My poor partner had to put up with me being almost entirely unable to form coherent, completed sentences on Friday night. But we were pretty confident that the system would be robust enough at that point for Sunday. 

And you know what? It actually was. We had 15 participants in the end, working in 7 family groups. They came from all over the place, Africa, India, South America, and even the UK. After intros and so on we played for around 3, 3.5 hours, and got through 3 game years. It got a lot faster once we'd got through the first season, but even that first season the difficulties were mostly around decision-making and not our interface. 

At the end of the last cycle our project sponsor John lead the reflective discussion, and we honestly could not have paid for better results. They mentioned almost all of the learning points you could want, decisions around schooling, better understanding of why that didn't happen much, a feel for intensification and the importance of saving seed over providing the best possible diet all came up. What didn't come up was the interface. It disappeared, in exactly the way it ought to have. 

In short, it was more successful than I have ever dared to dream it could be. 

We possibly made it a little tough - more people died than we meant. There are things we could improve, things we might need to include for a fully featured game. The poor game manager at the moment needs to constantly manipulate the database directly, rather than work with the game interface. There's still one irritating occasional bug that needs a browser refresh to clear it. But over all, it worked, it was fairly solid, and it produced the kind of learning and reflection that the table-top games have always caused.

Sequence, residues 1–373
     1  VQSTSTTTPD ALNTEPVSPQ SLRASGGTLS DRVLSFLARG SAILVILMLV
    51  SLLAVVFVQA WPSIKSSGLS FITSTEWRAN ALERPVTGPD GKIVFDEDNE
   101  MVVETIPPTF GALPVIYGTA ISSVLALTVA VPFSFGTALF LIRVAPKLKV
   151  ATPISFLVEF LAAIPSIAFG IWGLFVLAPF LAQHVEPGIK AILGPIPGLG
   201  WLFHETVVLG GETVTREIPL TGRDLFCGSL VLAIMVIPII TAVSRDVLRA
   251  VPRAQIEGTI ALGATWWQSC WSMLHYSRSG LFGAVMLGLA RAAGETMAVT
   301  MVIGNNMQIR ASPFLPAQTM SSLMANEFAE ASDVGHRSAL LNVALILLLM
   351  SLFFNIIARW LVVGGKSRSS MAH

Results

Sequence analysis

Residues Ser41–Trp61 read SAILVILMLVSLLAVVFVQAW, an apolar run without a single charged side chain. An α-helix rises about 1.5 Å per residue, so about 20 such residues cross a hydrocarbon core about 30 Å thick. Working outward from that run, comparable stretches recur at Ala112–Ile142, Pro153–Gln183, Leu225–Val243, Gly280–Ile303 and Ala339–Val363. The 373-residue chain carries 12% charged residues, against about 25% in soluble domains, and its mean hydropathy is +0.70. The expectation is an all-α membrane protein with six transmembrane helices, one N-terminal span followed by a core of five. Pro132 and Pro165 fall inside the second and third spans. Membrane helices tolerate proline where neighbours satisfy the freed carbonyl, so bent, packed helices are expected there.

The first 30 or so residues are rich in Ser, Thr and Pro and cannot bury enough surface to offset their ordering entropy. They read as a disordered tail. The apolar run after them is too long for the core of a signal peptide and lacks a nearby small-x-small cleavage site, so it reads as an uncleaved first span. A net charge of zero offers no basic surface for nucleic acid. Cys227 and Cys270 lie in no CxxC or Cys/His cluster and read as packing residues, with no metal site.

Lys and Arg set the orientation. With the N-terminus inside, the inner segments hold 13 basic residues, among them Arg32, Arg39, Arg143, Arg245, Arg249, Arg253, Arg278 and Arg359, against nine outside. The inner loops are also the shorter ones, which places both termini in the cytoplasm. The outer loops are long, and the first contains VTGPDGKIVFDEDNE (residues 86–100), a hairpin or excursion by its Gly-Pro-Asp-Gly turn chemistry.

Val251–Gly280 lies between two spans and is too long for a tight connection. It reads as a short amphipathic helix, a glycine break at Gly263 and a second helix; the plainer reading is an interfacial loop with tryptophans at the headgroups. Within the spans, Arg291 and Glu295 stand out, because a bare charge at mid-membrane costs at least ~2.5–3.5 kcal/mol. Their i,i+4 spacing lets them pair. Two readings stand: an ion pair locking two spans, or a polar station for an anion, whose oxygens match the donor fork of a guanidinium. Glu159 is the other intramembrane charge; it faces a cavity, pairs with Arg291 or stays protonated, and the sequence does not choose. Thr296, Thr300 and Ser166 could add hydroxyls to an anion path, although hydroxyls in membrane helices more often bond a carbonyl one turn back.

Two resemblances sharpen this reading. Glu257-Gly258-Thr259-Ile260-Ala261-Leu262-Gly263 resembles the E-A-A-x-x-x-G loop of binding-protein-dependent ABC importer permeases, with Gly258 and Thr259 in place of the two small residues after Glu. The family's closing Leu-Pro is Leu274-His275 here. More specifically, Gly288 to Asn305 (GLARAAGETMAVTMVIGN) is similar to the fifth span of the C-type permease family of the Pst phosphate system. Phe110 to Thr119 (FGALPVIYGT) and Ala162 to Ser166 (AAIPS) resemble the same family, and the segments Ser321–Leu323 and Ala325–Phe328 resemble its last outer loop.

The only thing I can compare my feelings at the end of the day to is finishing a marathon: exhausted, proud, pleased and a little bit startled to have got there. In reality I'm probably running a 50k (or 50 mile? Hopefully not) ultra, but at least the 26.2 has broken the back of it! 

(This would also be a great time to thank the lab group, who actually came back and played the game again for us and highlighted issues we would never have found without them. Thanks everyone!)

Tuesday
Feb262013

They played it!

The lab group. They played our game! For real!

Well, kind of. Actually, we only got through two seasons (well, and the intro). In about an hour and a bit. Clearly there are some issues there, as I seriously expected it would take a maximum of about 15 minutes per season. But we had 8 people logged on simultaneously, and it did not fall down in a big heap. 

I'm not claiming there weren't errors. Mostly they were fixed by either trying to do the thing again (I really need to check my hibernate stuff, there were unclosed transactions all over the shop and I really thought I'd caught all of them) or restarting the flash player. That's clearly not acceptable, but for the first time we've ever run it as a group I'll take that. 

There was a lot of feedback around the (lack of) feedback - which I was aware of, but not quite aware how pervasive it was. I know this game intimately, it's so hard for me to work out what a new player won't know. There was also a lot of clicking on things that aren't buttons, and mis-reading things that are (exit and home didn't actually mean what people thought they meant). I still don't have drop-downs working 100% well.